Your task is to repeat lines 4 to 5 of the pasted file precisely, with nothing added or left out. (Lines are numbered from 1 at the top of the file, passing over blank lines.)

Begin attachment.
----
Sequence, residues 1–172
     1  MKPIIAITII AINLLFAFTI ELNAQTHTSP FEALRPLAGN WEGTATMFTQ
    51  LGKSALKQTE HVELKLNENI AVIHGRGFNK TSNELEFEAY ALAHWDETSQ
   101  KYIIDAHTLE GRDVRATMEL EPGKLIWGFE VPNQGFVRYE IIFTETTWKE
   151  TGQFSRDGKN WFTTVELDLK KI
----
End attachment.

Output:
   101  KYIIDAHTLE GRDVRATMEL EPGKLIWGFE VPNQGFVRYE IIFTETTWKE
   151  TGQFSRDGKN WFTTVELDLK KI